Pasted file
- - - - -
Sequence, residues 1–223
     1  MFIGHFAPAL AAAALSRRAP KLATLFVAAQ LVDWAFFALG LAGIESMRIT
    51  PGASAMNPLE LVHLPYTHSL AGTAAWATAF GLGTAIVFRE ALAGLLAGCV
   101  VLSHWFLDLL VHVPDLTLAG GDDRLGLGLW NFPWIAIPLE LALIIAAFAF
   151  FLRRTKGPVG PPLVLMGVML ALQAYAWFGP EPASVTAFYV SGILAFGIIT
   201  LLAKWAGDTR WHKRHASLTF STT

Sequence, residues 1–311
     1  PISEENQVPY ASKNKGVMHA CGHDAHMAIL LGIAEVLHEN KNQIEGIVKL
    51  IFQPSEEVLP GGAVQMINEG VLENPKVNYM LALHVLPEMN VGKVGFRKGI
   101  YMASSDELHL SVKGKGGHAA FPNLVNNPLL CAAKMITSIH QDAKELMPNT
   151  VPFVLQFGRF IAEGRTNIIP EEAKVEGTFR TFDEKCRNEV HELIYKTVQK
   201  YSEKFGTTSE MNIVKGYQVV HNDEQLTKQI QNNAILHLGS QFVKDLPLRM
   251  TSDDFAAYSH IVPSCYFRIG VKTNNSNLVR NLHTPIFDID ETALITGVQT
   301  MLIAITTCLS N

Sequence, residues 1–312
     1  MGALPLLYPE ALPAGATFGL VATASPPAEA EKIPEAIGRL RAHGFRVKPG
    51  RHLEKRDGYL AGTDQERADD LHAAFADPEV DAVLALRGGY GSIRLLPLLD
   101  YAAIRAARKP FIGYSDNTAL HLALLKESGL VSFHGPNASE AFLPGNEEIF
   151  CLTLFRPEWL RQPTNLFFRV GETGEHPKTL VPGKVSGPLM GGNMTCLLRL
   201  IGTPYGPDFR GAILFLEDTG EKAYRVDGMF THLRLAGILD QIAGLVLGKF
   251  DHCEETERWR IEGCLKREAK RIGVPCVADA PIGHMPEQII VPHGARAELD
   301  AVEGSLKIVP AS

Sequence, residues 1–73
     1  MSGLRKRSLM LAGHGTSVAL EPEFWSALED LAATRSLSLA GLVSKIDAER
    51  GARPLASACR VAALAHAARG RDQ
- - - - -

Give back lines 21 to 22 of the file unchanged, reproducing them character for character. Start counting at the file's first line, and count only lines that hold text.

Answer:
   251  DHCEETERWR IEGCLKREAK RIGVPCVADA PIGHMPEQII VPHGARAELD
   301  AVEGSLKIVP AS